12. King County Metro - Seattle, Washington

    8150 and 8158 on the B-line this evening.
  13. King County Metro - Seattle, Washington

    Yes, that's the way I remember the Green Lake trolley route as a kid growing up ...and would describe precisely why the Seattle Transit System's moniker of calling it "Green Lake." When I started working for Metro, the 6 and 16 still were referred to as "Green Lake" even though, as you described, they were no longer tied together physically (only tied together for purposes of run cuts) and by that time, yes, the 6 already, I believe, had been extended to 205th and the 16 to Northgate. I'm not sure where the 6 turned back between the time from 1963 to when Metro took over. Logically, as you point out, 145th would have been the logical place but I can't seem to remember where the terminal was around that location. The 16 did go to Northgate, however, once dieselization occurred as mentioned but for some reason, I just don't remember it ever going past Northgate although there may be some foggy recollection that it may have followed a 317-type routing going north for a short time but for some reason, I've always pictured it terminating at Northgate. When Metro took over, the 406(?) essentially duplicated much of what the route the 6 covered as it ran directly up Aurora making the same stops as the 6 to the county line and then continued up highway 99 through Snohomish county making all stops and Evergreen Way through Everett terminating at the Everett Greyhound Station. We didn't make any stops once crossing into Everett with the exception of the terminal at Greyhound as, of course, Everett Transit precluded Metro from doing that. That route actually was run out of East Base when the base first opened as well as all the Snohomish county routes were at that time. In fact, when Dearborn closed and East opened, most of the Dearborn routes were run out of East Base including the south end routes until South Base opened a year and a half or so after. I remember the 150 was one of the staples those of us on the board at East had to work along with that 406(?) and an array of peak-only routes both going into Snohomish county and south to Auburn, Kent, Dash Point, etc. The exception was the 174 that was temporarily run out of Atlantic during that time from what I can remember. Once South Base opened and North Seattle Station re-opened as Mercer Base, East Base could then finally be utilized for extensive east side route expansion. Pertaining to the 16 Blue Streak, I just can't seem to remember the routing. 65th make sense but I just don't have any recollection of that at all for some reason. What does stick in my mind is remembering riding my first 700 coach in the late 60s and that was on a 7 going through the U-district. Running up and down the Ave' were primarily 700s as all three northern extensions of the route 7 (15th NE, Lake City, and View Ridge) of course had 700s assigned so the Ave' was saturated with 700s. The route I remember enjoying when working the board at Atlantic was the Roosevelt line (22-Roosevelt) as it had 700s assigned and nice layovers.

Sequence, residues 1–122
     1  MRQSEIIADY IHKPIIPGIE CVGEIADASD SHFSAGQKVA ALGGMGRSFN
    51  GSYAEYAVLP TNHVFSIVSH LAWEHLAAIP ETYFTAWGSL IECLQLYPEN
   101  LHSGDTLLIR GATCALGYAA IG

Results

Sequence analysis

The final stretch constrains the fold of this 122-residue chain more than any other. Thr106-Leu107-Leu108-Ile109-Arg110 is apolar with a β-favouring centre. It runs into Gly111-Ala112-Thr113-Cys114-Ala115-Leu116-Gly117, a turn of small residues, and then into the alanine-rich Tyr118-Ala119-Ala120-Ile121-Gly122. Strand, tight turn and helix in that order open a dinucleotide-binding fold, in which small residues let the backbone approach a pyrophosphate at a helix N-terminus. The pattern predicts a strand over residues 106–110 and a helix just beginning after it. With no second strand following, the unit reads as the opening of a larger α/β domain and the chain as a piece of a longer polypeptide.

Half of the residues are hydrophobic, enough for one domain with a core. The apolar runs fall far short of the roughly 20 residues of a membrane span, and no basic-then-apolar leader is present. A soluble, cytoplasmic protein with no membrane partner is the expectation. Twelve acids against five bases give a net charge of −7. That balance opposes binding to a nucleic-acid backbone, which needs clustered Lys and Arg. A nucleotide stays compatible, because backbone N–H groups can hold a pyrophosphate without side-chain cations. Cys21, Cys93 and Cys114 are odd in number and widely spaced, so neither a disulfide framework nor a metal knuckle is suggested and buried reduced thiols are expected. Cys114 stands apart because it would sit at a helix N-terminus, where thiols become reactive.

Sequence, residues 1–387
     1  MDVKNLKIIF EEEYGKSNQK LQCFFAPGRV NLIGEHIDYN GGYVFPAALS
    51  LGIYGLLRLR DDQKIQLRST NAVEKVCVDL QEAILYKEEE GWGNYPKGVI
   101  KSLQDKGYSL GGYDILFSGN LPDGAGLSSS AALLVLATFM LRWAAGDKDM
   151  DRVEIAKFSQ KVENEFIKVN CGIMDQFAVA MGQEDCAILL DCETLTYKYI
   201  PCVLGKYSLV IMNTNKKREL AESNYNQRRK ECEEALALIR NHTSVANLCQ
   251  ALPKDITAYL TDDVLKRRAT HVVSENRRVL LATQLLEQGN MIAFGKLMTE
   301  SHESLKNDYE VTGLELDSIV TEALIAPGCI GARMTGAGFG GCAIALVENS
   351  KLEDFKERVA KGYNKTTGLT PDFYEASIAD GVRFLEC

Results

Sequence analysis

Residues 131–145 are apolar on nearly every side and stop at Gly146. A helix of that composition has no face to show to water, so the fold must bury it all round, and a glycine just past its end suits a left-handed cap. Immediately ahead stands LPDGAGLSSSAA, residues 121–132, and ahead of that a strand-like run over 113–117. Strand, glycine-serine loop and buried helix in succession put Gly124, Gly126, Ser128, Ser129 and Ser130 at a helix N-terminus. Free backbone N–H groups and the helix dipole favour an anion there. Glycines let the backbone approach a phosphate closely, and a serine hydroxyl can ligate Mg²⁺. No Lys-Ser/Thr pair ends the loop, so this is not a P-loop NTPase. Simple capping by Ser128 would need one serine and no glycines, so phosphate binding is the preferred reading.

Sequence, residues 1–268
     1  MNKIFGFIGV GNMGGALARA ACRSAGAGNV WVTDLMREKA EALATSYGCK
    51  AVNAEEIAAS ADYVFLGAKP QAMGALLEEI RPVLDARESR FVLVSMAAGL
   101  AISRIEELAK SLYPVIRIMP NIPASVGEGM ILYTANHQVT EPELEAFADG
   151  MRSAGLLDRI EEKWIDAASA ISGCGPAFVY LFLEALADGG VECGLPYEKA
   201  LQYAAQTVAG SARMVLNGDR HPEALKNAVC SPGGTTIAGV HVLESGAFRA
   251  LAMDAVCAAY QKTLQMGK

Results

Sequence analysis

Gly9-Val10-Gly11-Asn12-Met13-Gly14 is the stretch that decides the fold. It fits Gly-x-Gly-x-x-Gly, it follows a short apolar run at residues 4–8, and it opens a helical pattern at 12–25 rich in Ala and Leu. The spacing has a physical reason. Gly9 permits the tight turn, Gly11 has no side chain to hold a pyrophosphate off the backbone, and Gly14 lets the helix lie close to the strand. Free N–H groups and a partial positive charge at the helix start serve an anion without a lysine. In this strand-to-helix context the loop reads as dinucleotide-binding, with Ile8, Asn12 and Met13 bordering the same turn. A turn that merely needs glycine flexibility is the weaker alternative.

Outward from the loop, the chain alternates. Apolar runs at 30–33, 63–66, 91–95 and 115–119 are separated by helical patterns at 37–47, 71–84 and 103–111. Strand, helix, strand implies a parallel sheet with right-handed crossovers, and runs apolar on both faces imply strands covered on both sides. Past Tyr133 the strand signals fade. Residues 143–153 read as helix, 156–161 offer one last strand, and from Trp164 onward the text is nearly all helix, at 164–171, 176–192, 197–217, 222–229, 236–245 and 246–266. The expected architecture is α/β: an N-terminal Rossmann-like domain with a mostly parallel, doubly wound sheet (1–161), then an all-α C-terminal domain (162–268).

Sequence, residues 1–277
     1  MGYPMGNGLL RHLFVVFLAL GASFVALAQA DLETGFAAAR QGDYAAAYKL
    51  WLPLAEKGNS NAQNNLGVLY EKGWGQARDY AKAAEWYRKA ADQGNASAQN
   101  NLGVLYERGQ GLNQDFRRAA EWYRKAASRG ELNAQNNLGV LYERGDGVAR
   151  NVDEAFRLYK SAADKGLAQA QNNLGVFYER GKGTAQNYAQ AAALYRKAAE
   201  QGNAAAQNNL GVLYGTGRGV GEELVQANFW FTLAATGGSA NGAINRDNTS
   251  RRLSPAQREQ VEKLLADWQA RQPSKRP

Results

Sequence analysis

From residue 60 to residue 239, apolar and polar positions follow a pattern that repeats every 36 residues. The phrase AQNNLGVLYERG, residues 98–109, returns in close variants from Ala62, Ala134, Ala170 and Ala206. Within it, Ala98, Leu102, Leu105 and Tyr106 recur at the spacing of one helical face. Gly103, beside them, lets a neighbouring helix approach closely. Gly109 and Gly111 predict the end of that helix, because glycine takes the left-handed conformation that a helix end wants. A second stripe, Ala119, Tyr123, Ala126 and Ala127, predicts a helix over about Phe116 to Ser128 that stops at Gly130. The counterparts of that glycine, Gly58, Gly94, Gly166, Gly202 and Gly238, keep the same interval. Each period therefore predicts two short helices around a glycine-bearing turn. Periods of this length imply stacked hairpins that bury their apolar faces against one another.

14. King County Metro - Seattle, Washington

    Thank you! that's what I was looking for. The Blue Streak service didn't last that long. Once Metro took over, it was only a few years before they changed the structure of their express service. It seemed that there was a short time that Metro called their express service "Flyer" ...or at least on the eastside into town. I remember the annoucement that we were to refer to the stops along 520 as "flyer stops" e.g. especially Montlake and Evergreen. To this day, I personally still call it "the Montlake Flyer Stop." I also remember the Flyer dash signs we had. I seem to remember carrying Flyer dash signs on the 252 route for some reason even though it wasn't really an express route. The 252 was what morphed into the 271. The 252 went from the University District to Eastgate